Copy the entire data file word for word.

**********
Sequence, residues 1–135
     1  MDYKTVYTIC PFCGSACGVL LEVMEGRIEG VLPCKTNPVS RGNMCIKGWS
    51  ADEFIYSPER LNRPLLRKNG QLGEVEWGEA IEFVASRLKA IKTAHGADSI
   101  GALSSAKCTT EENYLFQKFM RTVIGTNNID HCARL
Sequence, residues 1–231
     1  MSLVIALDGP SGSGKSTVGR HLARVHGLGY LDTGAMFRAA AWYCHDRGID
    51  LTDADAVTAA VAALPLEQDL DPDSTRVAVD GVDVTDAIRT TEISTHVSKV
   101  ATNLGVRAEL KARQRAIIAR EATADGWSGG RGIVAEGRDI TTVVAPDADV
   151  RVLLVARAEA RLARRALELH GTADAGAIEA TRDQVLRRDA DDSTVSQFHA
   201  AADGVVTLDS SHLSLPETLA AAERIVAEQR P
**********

Sequence, residues 1–135
     1  MDYKTVYTIC PFCGSACGVL LEVMEGRIEG VLPCKTNPVS RGNMCIKGWS
    51  ADEFIYSPER LNRPLLRKNG QLGEVEWGEA IEFVASRLKA IKTAHGADSI
   101  GALSSAKCTT EENYLFQKFM RTVIGTNNID HCARL
Sequence, residues 1–231
     1  MSLVIALDGP SGSGKSTVGR HLARVHGLGY LDTGAMFRAA AWYCHDRGID
    51  LTDADAVTAA VAALPLEQDL DPDSTRVAVD GVDVTDAIRT TEISTHVSKV
   101  ATNLGVRAEL KARQRAIIAR EATADGWSGG RGIVAEGRDI TTVVAPDADV
   151  RVLLVARAEA RLARRALELH GTADAGAIEA TRDQVLRRDA DDSTVSQFHA
   201  AADGVVTLDS SHLSLPETLA AAERIVAEQR P